Oct 19, 2017

Open the eyes of your heart

Pray God in the bowels of his mercy to send you his Holy Spirit; for he hath given you his great gift of utterance, if it pleased him also to open the eyes of your heart.—Lady Jane Grey

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RefoThursday Reflections by Jordan Riggle 

I would’ve liked to know Lady Jane and her intense love for scripture. While I bow over my Bible daily, my faith has never been tested in the ways Jady Jane’s was.  

Lady Jane Grey was beheaded by royal decree for high treason against Mary I of England on February 12th, 1554. She had been the Protestant Queen of England for nine days. 

When the fifteen-year-old Protestant king Edward VI lay dying, he changed his will to delegitimize his Catholic half-sister Mary (she would later be immortalized as “Bloody Mary” by Protestants) and to remove her from the succession. Instead, he named his Protestant cousin Jane and her male heirs to the throne of England.  

After his death, sixteen-year-old Jane was proclaimed queen, but before she could be crowned, her support evaporated under aggressive attacks by Mary’s Catholic supporters. Jane’s Privy Council abandoned her and proclaimed their loyalty to Mary. Jane was deposed on July 19th, 1553 and held in the Tower of London, after a scant nine days of rule. Convicted of high treason, she was initially spared death by Mary, but her father's participation in an attempted rebellion made her too dangerous. She was beheaded by an apologetic headsman while clutching a book of Protestant prayers. She became revered as a martyr throughout England.  

Preparing Jane for execution
Preparing Lady Jane Grey for Execution, by George Whiting Flagg.


Three days before Jane’s beheading, Queen Mary directed that her personal chaplain John Feckenham should attempt to convert Jane to Catholicism. Displeased by this at first, Jane quickly grew close to Feckenham and he was allowed to accompany her to her execution. Much of their final conversation was reproduced by John Foxe in his Book of Martyrs. It was treasured by English Protestants as they underwent persecution. Her final remark to Feckenham, to whom she had grown very close, was especially treasured as an example of humility and meekness, indeed, a statement summing up much of what the Reformation movement stood for.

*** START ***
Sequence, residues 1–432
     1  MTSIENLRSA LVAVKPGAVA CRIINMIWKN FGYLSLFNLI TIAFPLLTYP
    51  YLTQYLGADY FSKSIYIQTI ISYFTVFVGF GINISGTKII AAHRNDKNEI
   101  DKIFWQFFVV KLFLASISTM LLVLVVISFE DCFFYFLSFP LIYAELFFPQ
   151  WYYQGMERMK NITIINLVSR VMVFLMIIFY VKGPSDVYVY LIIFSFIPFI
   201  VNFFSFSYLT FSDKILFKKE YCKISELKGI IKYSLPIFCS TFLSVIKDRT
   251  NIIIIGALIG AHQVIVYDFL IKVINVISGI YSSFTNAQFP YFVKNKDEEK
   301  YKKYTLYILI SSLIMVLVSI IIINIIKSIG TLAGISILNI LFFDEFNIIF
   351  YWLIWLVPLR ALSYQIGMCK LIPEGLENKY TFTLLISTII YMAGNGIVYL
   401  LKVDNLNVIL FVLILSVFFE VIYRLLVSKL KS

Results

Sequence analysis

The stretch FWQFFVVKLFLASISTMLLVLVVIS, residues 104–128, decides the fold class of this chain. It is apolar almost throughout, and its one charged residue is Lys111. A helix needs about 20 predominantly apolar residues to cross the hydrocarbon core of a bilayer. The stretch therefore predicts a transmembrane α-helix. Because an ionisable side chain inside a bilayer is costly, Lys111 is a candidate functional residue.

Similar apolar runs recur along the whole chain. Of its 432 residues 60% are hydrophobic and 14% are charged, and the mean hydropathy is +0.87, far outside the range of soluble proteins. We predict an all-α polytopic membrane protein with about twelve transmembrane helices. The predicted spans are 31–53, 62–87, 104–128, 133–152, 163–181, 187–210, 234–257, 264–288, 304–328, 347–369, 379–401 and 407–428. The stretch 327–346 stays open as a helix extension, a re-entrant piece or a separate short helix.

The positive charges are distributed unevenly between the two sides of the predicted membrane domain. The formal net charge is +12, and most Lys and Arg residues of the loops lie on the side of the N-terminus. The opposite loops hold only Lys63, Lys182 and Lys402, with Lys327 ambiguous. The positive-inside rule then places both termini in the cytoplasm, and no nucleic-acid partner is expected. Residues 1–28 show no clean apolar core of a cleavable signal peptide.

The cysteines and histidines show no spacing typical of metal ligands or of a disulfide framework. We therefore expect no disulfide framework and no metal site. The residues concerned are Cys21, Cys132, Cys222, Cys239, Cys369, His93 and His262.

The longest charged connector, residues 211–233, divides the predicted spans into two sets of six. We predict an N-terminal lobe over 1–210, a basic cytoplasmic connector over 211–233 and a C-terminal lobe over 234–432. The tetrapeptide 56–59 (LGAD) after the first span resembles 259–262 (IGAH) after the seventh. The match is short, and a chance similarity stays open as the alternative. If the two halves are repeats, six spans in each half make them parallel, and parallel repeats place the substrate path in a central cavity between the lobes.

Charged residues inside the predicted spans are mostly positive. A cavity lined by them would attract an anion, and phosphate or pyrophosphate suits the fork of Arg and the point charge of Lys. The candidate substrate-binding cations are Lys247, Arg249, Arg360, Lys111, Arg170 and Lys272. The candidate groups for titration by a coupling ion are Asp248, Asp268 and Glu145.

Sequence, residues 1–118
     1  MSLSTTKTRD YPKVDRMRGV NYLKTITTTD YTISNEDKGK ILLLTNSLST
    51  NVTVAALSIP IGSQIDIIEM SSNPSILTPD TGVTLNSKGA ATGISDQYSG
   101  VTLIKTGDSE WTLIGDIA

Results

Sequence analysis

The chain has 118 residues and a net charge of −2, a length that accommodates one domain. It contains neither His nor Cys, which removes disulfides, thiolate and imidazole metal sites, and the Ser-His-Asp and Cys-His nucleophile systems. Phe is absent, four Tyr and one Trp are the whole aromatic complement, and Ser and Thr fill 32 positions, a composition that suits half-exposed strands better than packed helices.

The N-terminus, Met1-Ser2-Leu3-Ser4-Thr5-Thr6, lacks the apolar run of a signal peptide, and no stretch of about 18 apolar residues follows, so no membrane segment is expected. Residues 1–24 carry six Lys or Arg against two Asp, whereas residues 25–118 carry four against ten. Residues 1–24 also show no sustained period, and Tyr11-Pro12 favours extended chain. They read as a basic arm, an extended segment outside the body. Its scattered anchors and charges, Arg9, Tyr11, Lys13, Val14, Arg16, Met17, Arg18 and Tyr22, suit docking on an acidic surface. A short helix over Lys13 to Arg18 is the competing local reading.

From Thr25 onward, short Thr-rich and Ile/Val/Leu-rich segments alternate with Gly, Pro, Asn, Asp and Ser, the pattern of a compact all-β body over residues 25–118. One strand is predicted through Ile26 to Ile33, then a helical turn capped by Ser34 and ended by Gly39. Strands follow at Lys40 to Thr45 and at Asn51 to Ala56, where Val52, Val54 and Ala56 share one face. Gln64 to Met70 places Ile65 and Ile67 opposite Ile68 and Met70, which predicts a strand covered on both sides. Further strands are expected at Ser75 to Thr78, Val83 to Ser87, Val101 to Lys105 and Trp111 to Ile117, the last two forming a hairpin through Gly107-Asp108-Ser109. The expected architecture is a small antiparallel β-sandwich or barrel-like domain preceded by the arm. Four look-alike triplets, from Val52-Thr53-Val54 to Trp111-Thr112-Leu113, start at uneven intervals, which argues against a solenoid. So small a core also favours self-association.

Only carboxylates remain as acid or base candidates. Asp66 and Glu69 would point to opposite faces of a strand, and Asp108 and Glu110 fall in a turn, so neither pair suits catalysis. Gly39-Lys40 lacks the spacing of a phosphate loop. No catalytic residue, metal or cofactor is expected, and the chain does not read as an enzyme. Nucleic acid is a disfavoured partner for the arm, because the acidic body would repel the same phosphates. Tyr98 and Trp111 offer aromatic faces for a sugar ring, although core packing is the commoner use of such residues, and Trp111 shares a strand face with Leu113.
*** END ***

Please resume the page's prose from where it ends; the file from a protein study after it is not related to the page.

“Pray God in the bowels of his mercy to send you his Holy Spirit; for he hath given you his great gift of utterance, if it pleased him also to open the eyes of your heart.” 

By “utterance” she had in mind the great Reformation truth of Sola Scriptura. Scripture alone. Encapsulated in her brief, pithy phrase to John Feckenham is the great truth that Truth is God’s to give, and God’s alone.

As a twenty-first century believer, I am inundated with monumental works penned by monumental men and women of God. The utterances of the reformers and their successors can be overwhelming at times. Names like Calvin, Luther, Spurgeon, Edwards, Owen, Watts, Cowper, and Herbert echo down the hallway of time. 

But there is only one book in which Yahweh himself, holy, majestic, and enthroned in glory, has uttered his Word. 

That means there is only one book I need to master. 

And he suffers no man to master his Word except through his Spirit, by his mercy, opening the eyes of one’s heart. So when I open my copy of the Scriptures early in the morning, I am painfully awake to the fact that, of myself, I can see nothing of consequence. Unless the Lord of the Universe deigns to mercifully reveal himself, I can see no glory in the Scriptures. 

So I pour my cup of french press coffee, sit down with my Bible at my battered kitchen table, quiet my three kids, and silently pray for mercy, Spirit, and eyes that can see. 

And the wonderful thing about our God is that when we pray for those three in true humility, he never gives us a stone. “Ask, and you shall receive. Seek, and you shall find (Matthew 7:7).” He has promised never to turn away his children empty handed. 

Jordan Riggle is a husband, father, and writer. In honour of the 500th anniversary of the Reformation, he is launching a new series of mini-biographies on forgotten Reformation heroes. You can contact him at Jordans.riggle@gmail.com